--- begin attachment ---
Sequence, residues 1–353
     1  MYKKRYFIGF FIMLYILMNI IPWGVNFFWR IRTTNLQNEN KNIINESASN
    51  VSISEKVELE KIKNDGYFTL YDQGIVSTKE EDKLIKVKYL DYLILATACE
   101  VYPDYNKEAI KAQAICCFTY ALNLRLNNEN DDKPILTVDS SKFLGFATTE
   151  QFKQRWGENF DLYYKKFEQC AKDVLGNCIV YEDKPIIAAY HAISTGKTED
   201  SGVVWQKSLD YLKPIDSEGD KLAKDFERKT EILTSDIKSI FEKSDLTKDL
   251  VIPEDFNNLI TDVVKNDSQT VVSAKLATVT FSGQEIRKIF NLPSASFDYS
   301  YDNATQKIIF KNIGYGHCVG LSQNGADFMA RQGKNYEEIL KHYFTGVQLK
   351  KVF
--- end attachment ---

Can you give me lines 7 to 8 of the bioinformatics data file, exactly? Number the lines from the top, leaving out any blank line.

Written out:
   251  VIPEDFNNLI TDVVKNDSQT VVSAKLATVT FSGQEIRKIF NLPSASFDYS
   301  YDNATQKIIF KNIGYGHCVG LSQNGADFMA RQGKNYEEIL KHYFTGVQLK